• > STAY SAFE - WEAR A MASK - or whatever way you choose to deal with this thing! Dear MobiMembers - We are all aware of the still current serious situation facing us all right now! Continue to heed the warnings, stay safe, look after yourselves and others and remain well. As much as we are able, let's all help each other to stay sane in our social distancing/isolation and face this thing down. Much love 'n hugs, Rog, Matt and all your MobiStaff... x x <

Hong Kong and Beyond....

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We stayed in a wonderful B&B on the outskirts of Margaret River and in the middle of nature. Kangeroos came hopping on the lawn right next to our little verandah to feed on the grass early evening. :inlove:

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With Margaret River as a our base we take a trip to Hamelin Bay. While in the UK I happen to mention our trip to a friend who tipped me off to the presence of strings rays here which you can paddle amongst in the shallows. Very special.

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From Margaret River we drive along the coast to Albany, a long 4 hour drive that seems to take forever due to the winding roads. Our only stop on the way is the Valley of the Giants which has a tree top walk and ancient forests of tingle trees.

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The coastal area between Perth and Albany is famous for it’s beaches and I can definitely confirm that! The beaches are just superb. We wanted to swim a lot more but some days were too windy or we weren’t prepared or had limited time which was a shame.

The highlight for us in Albany was a boat trip that I found on Tripadvisor. I have become a massive fan of all types of boat trips which I discovered 4 years ago on our holidays to Asia. Although I’m not attracted to sailing or any type of water sport I love being on water in areas with lots of wildlife. This trip promised lots of bird life. Tom had been saying since we arrived in Albany that he wanted to get some photos of pelicans and neither of us were prepared for the wonderful display that we were given.

The trip started at Emu Point and went up the Kalgan River and the name of the boat was the Kalgan Queen. It was a family business running for many many years and now being run by the son who was very knowledgeable and interesting giving us all sorts of info about the area and wildlife.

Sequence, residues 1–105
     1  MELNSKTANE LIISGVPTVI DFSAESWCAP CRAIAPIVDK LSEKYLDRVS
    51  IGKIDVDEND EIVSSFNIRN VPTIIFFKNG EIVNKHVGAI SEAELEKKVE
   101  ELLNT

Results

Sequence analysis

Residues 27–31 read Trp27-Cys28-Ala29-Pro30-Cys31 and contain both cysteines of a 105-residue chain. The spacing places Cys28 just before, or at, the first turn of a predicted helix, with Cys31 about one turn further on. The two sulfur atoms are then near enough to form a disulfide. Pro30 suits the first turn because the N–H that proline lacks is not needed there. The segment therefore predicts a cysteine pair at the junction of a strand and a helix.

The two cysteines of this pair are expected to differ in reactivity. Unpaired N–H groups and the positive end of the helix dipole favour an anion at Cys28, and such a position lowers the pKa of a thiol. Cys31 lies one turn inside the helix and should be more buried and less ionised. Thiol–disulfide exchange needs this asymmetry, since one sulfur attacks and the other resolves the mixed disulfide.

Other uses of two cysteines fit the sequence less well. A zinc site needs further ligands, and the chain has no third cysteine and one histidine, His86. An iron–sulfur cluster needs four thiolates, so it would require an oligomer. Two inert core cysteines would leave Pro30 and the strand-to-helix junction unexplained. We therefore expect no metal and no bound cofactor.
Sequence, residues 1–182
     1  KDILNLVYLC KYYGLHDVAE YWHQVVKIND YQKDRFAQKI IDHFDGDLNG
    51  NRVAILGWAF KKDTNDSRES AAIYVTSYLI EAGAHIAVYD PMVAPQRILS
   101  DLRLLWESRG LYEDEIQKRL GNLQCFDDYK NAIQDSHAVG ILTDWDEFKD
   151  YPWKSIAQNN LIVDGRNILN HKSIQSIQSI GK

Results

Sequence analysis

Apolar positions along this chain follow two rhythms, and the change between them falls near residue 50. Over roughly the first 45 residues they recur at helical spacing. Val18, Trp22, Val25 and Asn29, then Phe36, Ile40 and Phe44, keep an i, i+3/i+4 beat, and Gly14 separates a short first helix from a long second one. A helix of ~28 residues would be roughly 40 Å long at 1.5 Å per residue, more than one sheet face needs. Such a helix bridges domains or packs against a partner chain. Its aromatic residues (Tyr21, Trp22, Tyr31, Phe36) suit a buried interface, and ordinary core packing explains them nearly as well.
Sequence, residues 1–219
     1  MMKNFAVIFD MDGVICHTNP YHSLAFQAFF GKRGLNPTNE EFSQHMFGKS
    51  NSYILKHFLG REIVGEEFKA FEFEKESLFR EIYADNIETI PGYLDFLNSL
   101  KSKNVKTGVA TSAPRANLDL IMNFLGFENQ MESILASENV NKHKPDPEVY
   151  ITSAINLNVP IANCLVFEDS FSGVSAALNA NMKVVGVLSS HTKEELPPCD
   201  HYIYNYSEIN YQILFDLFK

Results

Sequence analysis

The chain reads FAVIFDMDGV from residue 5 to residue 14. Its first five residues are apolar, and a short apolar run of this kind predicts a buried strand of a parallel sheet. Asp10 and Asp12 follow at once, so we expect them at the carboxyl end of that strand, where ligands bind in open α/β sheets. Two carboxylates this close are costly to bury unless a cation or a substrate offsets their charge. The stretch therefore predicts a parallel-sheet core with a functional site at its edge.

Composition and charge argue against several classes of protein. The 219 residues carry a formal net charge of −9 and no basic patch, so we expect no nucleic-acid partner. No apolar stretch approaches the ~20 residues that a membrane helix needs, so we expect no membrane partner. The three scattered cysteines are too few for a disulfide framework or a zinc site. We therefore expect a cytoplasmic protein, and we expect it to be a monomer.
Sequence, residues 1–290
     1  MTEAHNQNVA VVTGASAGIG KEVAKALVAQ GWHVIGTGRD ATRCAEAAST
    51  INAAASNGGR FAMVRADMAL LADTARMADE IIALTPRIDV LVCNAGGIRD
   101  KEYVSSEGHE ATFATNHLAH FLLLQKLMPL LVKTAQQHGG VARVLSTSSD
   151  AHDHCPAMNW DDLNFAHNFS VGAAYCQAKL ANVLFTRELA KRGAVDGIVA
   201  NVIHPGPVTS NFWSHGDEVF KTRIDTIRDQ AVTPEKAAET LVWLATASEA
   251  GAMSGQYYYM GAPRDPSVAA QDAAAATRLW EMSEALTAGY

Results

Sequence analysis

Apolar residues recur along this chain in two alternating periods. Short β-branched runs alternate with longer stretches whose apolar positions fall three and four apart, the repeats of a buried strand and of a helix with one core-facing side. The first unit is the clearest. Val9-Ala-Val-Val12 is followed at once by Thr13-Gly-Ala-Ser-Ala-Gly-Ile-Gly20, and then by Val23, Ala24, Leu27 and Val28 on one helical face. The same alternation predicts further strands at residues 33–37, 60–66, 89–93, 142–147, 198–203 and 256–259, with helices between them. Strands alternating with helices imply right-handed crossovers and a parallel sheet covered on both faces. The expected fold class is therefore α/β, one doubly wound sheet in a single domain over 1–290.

When we arrived at the boat, it was surrounded by pelicans. For the next 15 minutes as the boat travelled towards the mouth of the river, we were given an amazing display by the wild pelicans as the Skipper chucked them fish. Some of them had been rescued by the father and son combo and brought back to health before releasing back into the wild. After leaving the pelicans behind and reaching the river next in for some lunch were 3 ospreys. Fish were chucked into the water and down swooped the birds to grab the fish out of the water.

I’m not always sure how I feel about such human intervention in nature but this felt fairly harmless and I suppose I have bird feeders in my garden which is no different really. The owner clearly had a special relationship with the pelicans which were highly intelligent.
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Here I thought a video would do the event more justice:
 

terse

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The coastal area between Perth and Albany is famous for it’s beaches and I can definitely confirm that! The beaches are just superb. We wanted to swim a lot more but some days were too windy or we weren’t prepared or had limited time which was a shame.

The highlight for us in Albany was a boat trip that I found on Tripadvisor. I have become a massive fan of all types of boat trips which I discovered 4 years ago on our holidays to Asia. Although I’m not attracted to sailing or any type of water sport I love being on water in areas with lots of wildlife. This trip promised lots of bird life. Tom had been saying since we arrived in Albany that he wanted to get some photos of pelicans and neither of us were prepared for the wonderful display that we were given.

The trip started at Emu Point and went up the Kalgan River and the name of the boat was the Kalgan Queen. It was a family business running for many many years and now being run by the son who was very knowledgeable and interesting giving us all sorts of info about the area and wildlife.

When we arrived at the boat, it was surrounded by pelicans. For the next 15 minutes as the boat travelled towards the mouth of the river, we were given an amazing display by the wild pelicans as the Skipper chucked them fish. Some of them had been rescued by the father and son combo and brought back to health before releasing back into the wild. After leaving the pelicans behind and reaching the river next in for some lunch were 3 ospreys. Fish were chucked into the water and down swooped the birds to grab the fish out of the water.